…When you walk in and decide to move out, this distinctive odor deal has gone too far.
…A few years ago, HA wrote a story for WebMD on how your house’s smell can affect your emotions, efficiency, even safety.
…Febreze did a survey—75% of Americans don’t clean up to 75% of their surfaces on a regular basis—namely the soft areas, like couches, curtains, and pillows.
…That nice frying bacon smell can degrade and sink into fabric (remember, this is Febreze talking).
…Smells and emotions are very primitively linked. Walk through a perfume dept and remember past loves, that kind of thing. This is called the Proust effect, from the story in which a man is plunged into the past upon eating a cookie.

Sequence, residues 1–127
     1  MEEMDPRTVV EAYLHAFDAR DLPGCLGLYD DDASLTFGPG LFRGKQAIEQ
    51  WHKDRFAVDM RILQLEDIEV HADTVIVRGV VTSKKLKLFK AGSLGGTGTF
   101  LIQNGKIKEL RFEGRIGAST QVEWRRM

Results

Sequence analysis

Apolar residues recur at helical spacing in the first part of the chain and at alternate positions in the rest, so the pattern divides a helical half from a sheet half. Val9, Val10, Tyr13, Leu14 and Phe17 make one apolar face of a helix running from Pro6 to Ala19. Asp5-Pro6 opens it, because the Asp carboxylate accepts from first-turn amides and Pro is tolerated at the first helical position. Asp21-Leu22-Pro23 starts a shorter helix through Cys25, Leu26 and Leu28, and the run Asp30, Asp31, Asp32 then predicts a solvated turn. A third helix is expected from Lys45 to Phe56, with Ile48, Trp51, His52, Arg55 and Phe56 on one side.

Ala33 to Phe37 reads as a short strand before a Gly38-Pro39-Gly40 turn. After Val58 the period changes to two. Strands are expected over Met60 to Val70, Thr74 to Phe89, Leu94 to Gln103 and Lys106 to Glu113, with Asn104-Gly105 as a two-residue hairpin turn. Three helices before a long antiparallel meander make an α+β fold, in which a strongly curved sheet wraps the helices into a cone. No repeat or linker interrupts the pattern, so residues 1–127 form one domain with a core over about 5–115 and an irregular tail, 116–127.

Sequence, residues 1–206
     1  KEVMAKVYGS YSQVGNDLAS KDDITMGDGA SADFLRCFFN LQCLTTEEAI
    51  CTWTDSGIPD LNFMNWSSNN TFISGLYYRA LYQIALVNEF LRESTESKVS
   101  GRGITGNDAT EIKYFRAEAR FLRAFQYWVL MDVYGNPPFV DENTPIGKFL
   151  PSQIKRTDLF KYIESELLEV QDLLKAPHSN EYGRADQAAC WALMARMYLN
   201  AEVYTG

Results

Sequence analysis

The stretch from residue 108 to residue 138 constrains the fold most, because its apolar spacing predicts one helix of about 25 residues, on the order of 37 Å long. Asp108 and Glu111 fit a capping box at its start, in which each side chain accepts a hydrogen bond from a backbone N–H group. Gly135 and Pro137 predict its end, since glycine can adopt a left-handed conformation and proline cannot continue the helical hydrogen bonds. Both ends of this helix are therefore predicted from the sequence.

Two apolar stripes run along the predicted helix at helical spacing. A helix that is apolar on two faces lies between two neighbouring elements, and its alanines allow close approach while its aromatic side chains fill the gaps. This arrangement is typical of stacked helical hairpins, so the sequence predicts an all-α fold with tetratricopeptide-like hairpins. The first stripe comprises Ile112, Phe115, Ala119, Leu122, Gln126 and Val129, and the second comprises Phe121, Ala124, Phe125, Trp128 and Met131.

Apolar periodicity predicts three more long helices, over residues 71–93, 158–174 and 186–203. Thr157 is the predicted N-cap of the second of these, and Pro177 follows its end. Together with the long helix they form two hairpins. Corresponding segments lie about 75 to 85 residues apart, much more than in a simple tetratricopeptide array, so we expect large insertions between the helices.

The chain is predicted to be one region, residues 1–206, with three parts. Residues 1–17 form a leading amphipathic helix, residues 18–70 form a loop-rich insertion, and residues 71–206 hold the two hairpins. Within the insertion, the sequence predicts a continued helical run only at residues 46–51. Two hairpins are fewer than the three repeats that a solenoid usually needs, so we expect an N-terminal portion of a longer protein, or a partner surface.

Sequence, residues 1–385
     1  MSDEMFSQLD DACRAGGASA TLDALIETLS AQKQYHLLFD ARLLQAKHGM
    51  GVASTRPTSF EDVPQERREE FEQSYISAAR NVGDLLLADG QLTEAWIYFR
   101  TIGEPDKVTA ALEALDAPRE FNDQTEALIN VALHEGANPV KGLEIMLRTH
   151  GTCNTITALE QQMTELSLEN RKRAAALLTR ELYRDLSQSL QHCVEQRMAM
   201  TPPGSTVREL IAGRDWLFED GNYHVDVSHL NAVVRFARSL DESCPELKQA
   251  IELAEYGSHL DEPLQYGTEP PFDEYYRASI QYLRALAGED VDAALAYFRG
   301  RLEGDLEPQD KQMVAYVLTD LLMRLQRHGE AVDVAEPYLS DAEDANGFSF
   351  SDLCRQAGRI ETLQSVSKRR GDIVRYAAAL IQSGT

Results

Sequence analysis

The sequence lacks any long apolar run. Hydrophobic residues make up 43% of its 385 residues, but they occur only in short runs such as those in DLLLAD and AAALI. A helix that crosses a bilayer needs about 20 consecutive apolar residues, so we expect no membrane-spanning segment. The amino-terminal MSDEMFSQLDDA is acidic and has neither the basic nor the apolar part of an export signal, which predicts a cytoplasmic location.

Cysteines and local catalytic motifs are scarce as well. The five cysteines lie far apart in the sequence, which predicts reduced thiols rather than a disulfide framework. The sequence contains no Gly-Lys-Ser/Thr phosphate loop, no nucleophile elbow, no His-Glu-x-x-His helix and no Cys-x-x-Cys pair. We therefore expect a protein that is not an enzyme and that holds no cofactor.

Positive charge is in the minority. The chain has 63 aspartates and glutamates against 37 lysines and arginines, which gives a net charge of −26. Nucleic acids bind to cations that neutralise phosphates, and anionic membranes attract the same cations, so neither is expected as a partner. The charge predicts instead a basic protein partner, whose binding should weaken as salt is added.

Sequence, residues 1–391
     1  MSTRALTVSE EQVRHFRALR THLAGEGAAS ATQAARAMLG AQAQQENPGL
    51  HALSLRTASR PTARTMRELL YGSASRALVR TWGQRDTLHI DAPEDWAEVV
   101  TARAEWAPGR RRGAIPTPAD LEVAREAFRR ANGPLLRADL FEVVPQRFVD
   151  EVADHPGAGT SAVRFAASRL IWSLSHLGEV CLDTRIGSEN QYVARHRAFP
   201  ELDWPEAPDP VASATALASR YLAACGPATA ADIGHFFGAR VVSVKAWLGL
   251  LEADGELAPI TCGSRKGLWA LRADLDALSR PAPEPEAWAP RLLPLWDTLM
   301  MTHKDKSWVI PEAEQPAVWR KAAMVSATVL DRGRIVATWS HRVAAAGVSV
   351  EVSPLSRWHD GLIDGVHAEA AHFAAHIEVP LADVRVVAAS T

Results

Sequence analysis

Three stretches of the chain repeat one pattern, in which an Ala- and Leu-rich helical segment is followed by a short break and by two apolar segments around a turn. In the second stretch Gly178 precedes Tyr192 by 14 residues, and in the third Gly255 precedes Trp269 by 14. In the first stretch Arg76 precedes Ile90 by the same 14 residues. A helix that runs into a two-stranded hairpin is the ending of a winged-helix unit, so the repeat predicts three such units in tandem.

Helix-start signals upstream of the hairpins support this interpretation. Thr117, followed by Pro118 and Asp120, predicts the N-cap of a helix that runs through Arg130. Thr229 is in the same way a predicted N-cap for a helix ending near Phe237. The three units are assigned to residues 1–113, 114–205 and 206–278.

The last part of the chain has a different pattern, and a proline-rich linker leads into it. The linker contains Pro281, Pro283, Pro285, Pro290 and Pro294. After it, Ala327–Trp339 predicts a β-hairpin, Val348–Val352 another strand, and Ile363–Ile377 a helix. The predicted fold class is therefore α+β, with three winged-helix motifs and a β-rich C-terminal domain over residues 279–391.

…This is our “smell brain” at work—the very basic “good/bad” area that detects danger, fire, sex or prey.
…You know right away—yum or ewww.
…People can’t describe smells well, but they can nail the emotion the smell engenders.
…So substituting “good smells” is tricky. Peppermint, citrus, even a new fruity deal called osmanthus, are candidates.
…Peppermint helps zip you up—good for homework hour.
…Good smells jumpstart creativity.
…Bad ones cause accidents, family arguments, psychiatric admissions and 911 calls.
…What will people think when they step through your door?
…Most people think other people’s houses have a smell, but theirs doesn’t.